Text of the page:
Digital options traders can both buy a Higher contract once the engulfing candlestick is closed and when the RSI leaves the oversold area. For FX and stock traders, buying assets is possible when in the same cases.

Limitations of Applying Engulfing Patterns in Trading

While bullish and bearish engulfing patterns may be very powerful tools in your strategy arsenal, they have some weaknesses that may trap traders. First of all, you should look at the market situation before trading with this formation.

We have already mentioned that engulfings appear on levels. However, there is one more rule to take care of. When the price fluctuates in a narrow range or even if there is a weak trend, then engulfing may not be a powerful tool at all, and fake signals are of greater probability.

Another limitation is that the second candlestick may be large enough, and there is not much movement to be completed by the price in the future. Moreover, if you are trading Forex or stocks, then you have to place wider stops as the distance between the opening and closing price of the engulfing candlestick will be longer. Thus, if this happens, you can skip the signal and wait for others in order to decrease the risks.

Working with engulfing may also have other tricks, like setting targets, for instance. If you trade with technical indicators, for instance, you can have a clear entry point and later watch whether the opposite signal appears. When it comes to engulfing, you can’t plan anything in advance because you don’t know when the trend will change. Therefore, it is better to add some additional tools, such as trendlines, indicators, levels, etc.


Bullish and bearish engulfing patterns are very popular among traders. They often appear on charts and provide market participants with reversal signals. When trading with those formations, you don’t even need to apply other technical analysis tools. However, by adding some indicators or graphic lines, you can increase the chance of collecting profits.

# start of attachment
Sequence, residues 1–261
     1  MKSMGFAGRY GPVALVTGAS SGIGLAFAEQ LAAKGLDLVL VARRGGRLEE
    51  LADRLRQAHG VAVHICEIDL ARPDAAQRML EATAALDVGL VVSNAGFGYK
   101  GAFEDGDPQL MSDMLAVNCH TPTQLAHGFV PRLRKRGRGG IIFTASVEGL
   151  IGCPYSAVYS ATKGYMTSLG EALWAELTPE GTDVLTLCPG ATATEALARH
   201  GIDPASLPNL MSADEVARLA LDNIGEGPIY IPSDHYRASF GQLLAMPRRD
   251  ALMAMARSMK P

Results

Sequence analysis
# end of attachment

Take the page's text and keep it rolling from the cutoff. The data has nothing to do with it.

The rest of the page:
Delve into the bullish engulfing pattern. Discover the ins and outs of this model
Delve into the bullish engulfing pattern. Discover the ins and outs of this model

What are the two types of engulfing patterns?

The two types of engulfing patterns are bullish engulfing and bearish engulfing. A bullish engulfing pattern occurs when a green candle completely covers a red candle, signaling a possible uptrend. A bearish engulfing pattern occurs when a red candle completely covers a green candle, signaling a possible downtrend.

How can traders use engulfing patterns to enter or exit trades?

Traders can use engulfing patterns to identify potential entry or exit points for their trades. For example, if a trader sees a bullish engulfing pattern after a downtrend, they may consider buying or going long on the asset. Conversely, if a trader sees a bearish engulfing pattern after an uptrend, they may consider selling or going short on the asset.

What are some factors that increase the reliability of engulfing patterns?

These factors include the size, volume, and location of the candles. Generally, the larger the candles, the stronger the signal. Similarly, the higher the volume, the more confidence there is in the reversal. Additionally, the location of the candles relative to other indicators, such as support and resistance levels, trend lines, or moving averages, can also affect the validity of the pattern.

What are some limitations or risks of using engulfing patterns?

Some limitations or risks of using engulfing patterns are that they are not always accurate, they may be influenced by market noise, and they may require confirmation from other sources. Engulfing patterns are not 100% reliable and may sometimes fail to predict the correct direction of the price movement. Moreover, engulfing patterns may be distorted by market noise, such as spikes or gaps, that do not reflect the true sentiment of the market. Furthermore, engulfing patterns may need confirmation from other sources, such as volume indicators, oscillators, or chart patterns, to increase their credibility.